Jon Gingerich
Jon Gingerich

It’s hard to imagine the state of the U.S. media getting worse than it currently is. And yet, something tells me we’ll find ourselves surveying new lows next year.

Partisan pandering and a polarizing political climate have left trust in the national news at a nadir. Fewer than a third of Americans (31 percent) trust reporting by national news outlets these days, according to a new Knight Foundation/Gallup study, and an October survey from Morning Consult found that media organizations now account for nearly all of the companies with the biggest net favorability gaps between Democrats and Republicans.

It doesn’t help perceptions of our media sector being controlled by “coastal elites” that the industry has, in fact, grown more centralized. (About 20 percent of the nation’s newsroom employees now live in New York, Los Angeles or Washington, D.C., according to recent Pew Research Center analysis of U.S. Census Bureau data.). Altogether, trust and confidence in the media among Americans identifying as conservative stands at only 23 percent, according to a 2018 Poynter Institute survey.

Then there’s the fact that calling the news business an unstable enterprise in 2019 qualifies for understatement of the year. The number of newspaper newsroom employees dropped by nearly half (47 percent) between 2008 and 2018, or from about 71,000 staffers to 38,000, according to Pew Research numbers. Job losses across the U.S. news sector rose 28 percent in 2018 alone.

Consider this year’s casualties so far. The closure of Youngstown Ohio’s The Vindicator, which debuted in 1869, has left that Steel Valley mainstay as the largest city in the country without a daily print paper. Washington, D.C.’s Vox Media now owns New York magazine. The pending merger of the nation’s two largest newspaper chains—GateHouse Media and Gannett—despite creating the largest U.S. media company by print circulation, may lead to the end of USA Today’s print version, according to rumors. Family Circle, which has been in publication since 1932 and still boasts a circulation of four million, will shutter by the end of the year. I could go on.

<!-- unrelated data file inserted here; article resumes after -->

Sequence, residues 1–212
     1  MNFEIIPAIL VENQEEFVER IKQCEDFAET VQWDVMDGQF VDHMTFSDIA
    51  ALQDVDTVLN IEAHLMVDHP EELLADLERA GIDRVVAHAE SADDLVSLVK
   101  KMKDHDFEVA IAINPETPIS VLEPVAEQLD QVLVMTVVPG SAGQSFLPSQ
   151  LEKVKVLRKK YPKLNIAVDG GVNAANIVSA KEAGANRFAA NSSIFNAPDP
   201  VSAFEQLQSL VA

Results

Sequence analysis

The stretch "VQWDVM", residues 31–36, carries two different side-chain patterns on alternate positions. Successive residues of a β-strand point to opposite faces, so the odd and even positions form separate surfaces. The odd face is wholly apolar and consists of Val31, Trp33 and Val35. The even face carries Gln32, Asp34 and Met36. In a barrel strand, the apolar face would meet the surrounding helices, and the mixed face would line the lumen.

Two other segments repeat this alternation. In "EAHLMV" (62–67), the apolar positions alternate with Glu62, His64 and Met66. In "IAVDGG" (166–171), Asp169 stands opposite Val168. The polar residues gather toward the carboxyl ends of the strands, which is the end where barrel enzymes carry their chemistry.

All this consolidation and cost-cutting means smaller newsrooms, dwindling resources, fewer pages, less content. This, in turn, assures fewer future readers, which results in declining future ad revenues (the greatest challenge facing journalism, according to a recent global survey of reporters), all setting the stage for more future cuts. Our news industry is circling the drain.

At the same time, it deserves mentioning that online advertising is booming. Digital ad revenues in the U.S. are set to surpass traditional ad buys in the U.S. for the first time this year and crossed the $100 billion threshold for the first time in 2018, according to an Interactive Advertising Bureau report.

And yet, distrust in digital media is even higher than its polarizing analogue counterpart. Partisanship and the “fake news” phenomenon have rendered the Internet a playground for the misinformed, worsening the media’s ongoing trust problem. Online news outlets, regardless of whether they lean left or right, are seen as the least-trusted media brands in America, according to a 2017 University of Missouri study. And a 2018 Cision report found that more than half of Americans (56 percent) claim fake news via the Internet has made them more skeptical of content produced by bona fide newsrooms. A majority of Americans (63 percent) now consider the fake news phenomenon to be a “major problem” in the U.S., according to a 2019 Institute for Public Relations survey, one on par with gun violence (also 63 percent) and terrorism (66 percent).

Everyone is a content publisher these days, but as it turns out, not everyone should be. The current online model also isn’t a sustainable one, and if the press is going to be saved in this country, we need to fortify a sense of trust in the only economically viable media environment we’re going to have left in five years.

Consider the one area of media where some semblance of trust remains: the local news. All things considered, trust in local media outlets remains unusually high when compared to their national counterparts. According to the Knight/Gallup survey, nearly half of Americans (45 percent) trust reporting by their local news “a great deal,” 61 percent believe these outlets do a good job of educating them on what’s going on in their community, and 51 percent don’t feel these organizations have become more biased in recent years.

Granted, the news isn’t a service many are compelled to pay for these days (84 percent of Americans admit they didn’t pay for local news coverage of any kind last year, according to a March Pew Research report) and alas, these are the very outlets that are disappearing at blinding speed across the country. But if we found a way to instill the sense of trust Americans have for their local news with the revenue potential that’s made digital media a boon, it could be the day we stumble upon a model that actually works.

Nature abhors a vacuum; information is everywhere, but trust in that information remains in shockingly short supply. For this reason, I think a coming phase for media could be quality, expert-produced content on trustworthy platforms that attracts regular reading habits among an audience of devotees. And call me an optimist, but when that day happens, it may serve as the death knell for the web’s current proliferation of bad content. Some of us might even be willing to pay for it.